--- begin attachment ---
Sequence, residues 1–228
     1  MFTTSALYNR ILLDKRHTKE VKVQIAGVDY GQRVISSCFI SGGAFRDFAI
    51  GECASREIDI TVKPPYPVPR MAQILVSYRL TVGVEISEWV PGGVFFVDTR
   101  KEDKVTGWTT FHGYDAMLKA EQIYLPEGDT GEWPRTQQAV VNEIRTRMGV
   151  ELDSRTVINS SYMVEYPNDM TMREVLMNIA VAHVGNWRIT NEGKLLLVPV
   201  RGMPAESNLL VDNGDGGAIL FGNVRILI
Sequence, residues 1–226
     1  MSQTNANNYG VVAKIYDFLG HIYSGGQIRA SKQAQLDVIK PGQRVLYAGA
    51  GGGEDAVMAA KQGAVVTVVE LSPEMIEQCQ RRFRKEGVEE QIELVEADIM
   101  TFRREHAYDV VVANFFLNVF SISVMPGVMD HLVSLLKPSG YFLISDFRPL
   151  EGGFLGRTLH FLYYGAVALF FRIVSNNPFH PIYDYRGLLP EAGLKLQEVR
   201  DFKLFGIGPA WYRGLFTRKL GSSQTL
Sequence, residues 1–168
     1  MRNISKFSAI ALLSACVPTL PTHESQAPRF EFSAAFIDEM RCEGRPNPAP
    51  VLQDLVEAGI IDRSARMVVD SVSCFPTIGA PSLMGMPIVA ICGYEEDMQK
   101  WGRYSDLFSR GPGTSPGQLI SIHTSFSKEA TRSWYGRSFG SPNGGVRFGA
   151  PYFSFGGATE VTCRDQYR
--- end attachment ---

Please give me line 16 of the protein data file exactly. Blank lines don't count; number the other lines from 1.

   101  WGRYSDLFSR GPGTSPGQLI SIHTSFSKEA TRSWYGRSFG SPNGGVRFGA